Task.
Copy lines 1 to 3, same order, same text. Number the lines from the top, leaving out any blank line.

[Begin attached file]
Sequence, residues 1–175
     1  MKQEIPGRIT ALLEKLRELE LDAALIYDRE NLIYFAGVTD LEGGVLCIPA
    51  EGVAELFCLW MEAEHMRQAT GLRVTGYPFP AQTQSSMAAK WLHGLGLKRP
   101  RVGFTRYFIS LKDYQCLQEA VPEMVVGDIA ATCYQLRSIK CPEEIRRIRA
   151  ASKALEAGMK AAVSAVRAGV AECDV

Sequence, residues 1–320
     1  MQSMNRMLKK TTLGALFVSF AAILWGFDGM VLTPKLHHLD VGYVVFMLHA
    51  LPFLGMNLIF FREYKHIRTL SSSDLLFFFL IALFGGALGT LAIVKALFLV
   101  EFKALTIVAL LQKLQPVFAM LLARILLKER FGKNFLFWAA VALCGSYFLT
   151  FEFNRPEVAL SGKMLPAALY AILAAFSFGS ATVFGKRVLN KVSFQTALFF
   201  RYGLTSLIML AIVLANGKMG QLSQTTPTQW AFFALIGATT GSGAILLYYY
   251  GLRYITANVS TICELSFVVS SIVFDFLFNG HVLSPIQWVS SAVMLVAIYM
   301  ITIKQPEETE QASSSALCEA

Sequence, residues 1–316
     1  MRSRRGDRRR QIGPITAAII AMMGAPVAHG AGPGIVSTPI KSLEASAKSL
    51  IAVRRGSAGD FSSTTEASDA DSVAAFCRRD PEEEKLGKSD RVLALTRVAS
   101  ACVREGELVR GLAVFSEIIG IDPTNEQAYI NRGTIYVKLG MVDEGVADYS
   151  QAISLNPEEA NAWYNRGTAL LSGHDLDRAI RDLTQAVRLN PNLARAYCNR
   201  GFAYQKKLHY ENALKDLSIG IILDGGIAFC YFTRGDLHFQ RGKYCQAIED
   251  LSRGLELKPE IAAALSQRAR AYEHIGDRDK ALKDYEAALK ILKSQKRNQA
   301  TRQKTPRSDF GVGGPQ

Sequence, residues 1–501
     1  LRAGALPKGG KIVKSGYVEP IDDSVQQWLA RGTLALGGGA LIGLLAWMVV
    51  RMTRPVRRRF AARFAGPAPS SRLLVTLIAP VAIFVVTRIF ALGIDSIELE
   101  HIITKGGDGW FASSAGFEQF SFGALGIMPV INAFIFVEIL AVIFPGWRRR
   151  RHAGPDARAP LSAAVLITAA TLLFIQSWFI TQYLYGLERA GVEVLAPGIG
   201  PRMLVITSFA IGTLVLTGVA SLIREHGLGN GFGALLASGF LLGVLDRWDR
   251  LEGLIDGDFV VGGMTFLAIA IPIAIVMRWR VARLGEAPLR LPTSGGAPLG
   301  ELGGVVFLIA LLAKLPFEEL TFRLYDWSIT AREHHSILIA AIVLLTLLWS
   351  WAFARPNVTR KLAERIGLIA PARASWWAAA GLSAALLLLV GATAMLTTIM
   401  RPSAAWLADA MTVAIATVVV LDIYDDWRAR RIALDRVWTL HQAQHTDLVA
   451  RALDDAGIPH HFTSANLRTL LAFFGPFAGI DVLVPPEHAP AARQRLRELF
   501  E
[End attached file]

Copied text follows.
Sequence, residues 1–175
     1  MKQEIPGRIT ALLEKLRELE LDAALIYDRE NLIYFAGVTD LEGGVLCIPA
    51  EGVAELFCLW MEAEHMRQAT GLRVTGYPFP AQTQSSMAAK WLHGLGLKRP